64      In this connection, it must be pointed out that the word ‘peter’ is pronounced by putting the main stress on the first syllable with the result that the letter ‘t’ and the second syllable of that word become less audible. The fact that the letter ‘t’ is not present in the first part of the mark applied for cannot therefore call into question the Board of Appeal’s finding that there is a degree of aural similarity between the marks at issue.

65      Thirdly, as regards the conceptual comparison of the marks at issue, the applicant states that, contrary to the mark applied for, the earlier mark is made up of a first name and a surname. For English and German-speaking consumers, the element ‘peer’ in the mark applied for is not equated with the Nordic first name, but rather is understood as meaning ‘lord’.

66      It must be pointed out that both of the marks at issue are made up of a first name and a surname. As regards the element ‘storm’ in the two marks at issue, it is common ground that it can be a surname. As regards the elements ‘peer’ and ‘peter’ in the mark applied for and the earlier mark respectively, the Board of Appeal correctly found, in paragraph 28 of the contested decision, that they are first names. It is true that the element ‘peer’ might be understood as meaning ‘lord’ by an English-speaking consumer. However, in particular in the Nordic countries and in Germany, Peer is a first name. The fact that the mark applied for is written as one word cannot cast doubt on the finding that the two marks at issue are made up of a first name and a surname. The intervener has correctly stated that the relevant consumer is accustomed to spaces between a first name and a surname which constitute a mark being omitted for the purposes of forming an Internet address.

67      In the present case, it must be added that, as stated by the applicant, English-speaking consumers will associate the surname Storm with bad weather. In view of the presence in both of the marks at issue of the element ‘storm’, which will attract, in particular, the attention of the average English-speaking consumer on account of its quality as a word and the fact that he will understand its meaning (see paragraphs 60 and 61 above), the marks at issue suggest that the goods designated, namely footwear, clothing and headgear, provide protection against bad weather.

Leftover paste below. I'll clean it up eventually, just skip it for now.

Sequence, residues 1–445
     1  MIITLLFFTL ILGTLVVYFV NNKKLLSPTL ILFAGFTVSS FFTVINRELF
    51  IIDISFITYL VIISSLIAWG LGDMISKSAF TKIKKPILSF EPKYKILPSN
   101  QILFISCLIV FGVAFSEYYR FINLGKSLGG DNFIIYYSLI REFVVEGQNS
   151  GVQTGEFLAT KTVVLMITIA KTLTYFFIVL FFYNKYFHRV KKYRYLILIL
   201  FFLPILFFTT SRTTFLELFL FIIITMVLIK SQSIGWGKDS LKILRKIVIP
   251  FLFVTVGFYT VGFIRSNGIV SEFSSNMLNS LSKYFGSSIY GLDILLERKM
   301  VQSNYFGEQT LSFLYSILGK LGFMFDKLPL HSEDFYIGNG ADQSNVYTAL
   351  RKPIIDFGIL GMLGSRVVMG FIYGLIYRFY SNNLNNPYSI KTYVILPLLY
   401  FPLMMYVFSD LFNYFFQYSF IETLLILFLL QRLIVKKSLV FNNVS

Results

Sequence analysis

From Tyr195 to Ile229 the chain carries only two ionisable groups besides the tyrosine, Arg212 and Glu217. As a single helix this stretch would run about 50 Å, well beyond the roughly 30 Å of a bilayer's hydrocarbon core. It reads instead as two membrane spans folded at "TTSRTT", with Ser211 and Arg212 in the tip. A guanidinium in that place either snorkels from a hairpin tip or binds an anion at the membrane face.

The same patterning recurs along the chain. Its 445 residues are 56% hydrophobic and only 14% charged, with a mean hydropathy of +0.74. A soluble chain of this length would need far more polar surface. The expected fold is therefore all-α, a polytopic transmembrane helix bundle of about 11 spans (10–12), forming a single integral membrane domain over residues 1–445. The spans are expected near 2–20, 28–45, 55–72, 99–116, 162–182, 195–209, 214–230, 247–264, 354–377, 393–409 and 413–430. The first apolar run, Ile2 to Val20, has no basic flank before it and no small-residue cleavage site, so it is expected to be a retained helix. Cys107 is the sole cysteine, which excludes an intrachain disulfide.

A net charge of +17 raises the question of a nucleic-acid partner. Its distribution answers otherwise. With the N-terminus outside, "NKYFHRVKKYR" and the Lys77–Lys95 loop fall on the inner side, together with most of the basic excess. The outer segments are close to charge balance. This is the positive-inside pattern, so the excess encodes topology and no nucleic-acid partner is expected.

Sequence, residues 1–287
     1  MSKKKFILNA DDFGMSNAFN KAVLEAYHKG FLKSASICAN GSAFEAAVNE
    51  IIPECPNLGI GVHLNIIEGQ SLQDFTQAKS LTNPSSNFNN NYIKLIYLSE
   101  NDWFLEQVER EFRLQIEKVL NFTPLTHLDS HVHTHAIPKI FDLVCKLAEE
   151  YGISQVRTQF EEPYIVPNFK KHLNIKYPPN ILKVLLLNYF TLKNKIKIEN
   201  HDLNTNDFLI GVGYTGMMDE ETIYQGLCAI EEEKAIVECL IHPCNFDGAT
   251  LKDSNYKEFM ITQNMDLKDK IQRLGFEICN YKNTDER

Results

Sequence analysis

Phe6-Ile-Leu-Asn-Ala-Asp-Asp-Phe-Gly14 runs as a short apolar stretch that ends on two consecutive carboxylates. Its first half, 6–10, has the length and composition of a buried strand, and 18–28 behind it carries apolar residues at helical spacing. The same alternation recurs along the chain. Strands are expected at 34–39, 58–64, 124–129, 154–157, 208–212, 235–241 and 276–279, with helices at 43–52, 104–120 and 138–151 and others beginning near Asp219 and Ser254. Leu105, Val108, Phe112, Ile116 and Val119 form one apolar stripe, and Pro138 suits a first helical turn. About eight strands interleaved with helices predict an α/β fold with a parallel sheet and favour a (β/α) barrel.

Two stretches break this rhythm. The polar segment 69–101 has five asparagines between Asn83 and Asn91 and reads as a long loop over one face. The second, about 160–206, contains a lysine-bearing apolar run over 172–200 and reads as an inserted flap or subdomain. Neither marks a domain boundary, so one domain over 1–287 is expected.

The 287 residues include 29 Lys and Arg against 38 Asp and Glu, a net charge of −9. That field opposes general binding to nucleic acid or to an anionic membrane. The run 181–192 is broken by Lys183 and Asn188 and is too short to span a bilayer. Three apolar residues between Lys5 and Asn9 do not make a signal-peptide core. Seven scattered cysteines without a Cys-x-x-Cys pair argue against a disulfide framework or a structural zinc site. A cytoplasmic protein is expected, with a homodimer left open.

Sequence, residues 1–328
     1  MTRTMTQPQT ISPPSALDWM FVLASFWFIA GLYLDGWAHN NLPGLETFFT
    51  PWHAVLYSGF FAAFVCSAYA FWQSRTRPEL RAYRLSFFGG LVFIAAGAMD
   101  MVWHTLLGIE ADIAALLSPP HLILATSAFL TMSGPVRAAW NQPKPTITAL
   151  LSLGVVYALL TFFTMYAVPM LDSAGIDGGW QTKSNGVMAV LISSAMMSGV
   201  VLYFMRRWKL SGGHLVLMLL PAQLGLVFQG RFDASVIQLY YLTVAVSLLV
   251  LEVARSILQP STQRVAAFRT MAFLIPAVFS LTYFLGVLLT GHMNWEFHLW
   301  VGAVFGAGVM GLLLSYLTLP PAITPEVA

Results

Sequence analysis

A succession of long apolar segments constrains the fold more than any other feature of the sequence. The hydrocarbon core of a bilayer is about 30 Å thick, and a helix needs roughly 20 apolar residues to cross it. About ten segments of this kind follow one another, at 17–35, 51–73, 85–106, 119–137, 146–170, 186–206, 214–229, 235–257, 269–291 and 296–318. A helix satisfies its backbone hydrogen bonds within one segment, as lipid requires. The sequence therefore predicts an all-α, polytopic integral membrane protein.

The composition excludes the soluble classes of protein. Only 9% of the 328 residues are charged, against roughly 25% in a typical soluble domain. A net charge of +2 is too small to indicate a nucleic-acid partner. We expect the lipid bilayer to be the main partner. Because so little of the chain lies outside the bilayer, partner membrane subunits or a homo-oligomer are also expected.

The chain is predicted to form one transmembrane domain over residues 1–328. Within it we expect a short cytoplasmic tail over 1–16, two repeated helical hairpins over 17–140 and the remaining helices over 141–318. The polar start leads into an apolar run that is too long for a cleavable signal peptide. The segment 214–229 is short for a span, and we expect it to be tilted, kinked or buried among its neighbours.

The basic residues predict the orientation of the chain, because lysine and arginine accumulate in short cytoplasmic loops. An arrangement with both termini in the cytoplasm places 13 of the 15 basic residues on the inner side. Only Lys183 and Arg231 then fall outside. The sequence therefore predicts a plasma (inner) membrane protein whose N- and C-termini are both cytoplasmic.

68      Given that both of the marks at issue are made up of a first name and surname and that they suggest that the goods at issue protect against bad weather, there is, contrary to the Board of Appeal’s finding in paragraph 28 of the contested decision, a degree of conceptual similarity between the two marks at issue.

69      In the light of all of the foregoing, the Board of Appeal therefore correctly found that there is a degree of visual and aural similarity between the marks at issue. Moreover, contrary to the Board of Appeal’s findings, there is also a degree of conceptual similarity between the marks at issue.

–       The likelihood of confusion

70      A global assessment of the likelihood of confusion implies some interdependence between the factors taken into account, and in particular between the similarity of the trade marks and the similarity of the goods or services concerned. Accordingly, a lesser degree of similarity between those goods or services may be offset by a greater degree of similarity between the marks, and vice versa (Case C‑39/97 Canon [1998] ECR I-5507, paragraph 17, and Joined Cases T‑81/03, T‑82/03 and T‑103/03 Mast-Jägermeister v OHIM – Licorera Zacapaneca (VENADO with frame and others) [2006] ECR II‑5409, paragraph 74).

71      The Board of Appeal found, in paragraph 30 of the contested decision, that, since the goods at issue are identical and there is a degree of visual and aural similarity between the signs, there is a likelihood of confusion between the marks at issue for the relevant public.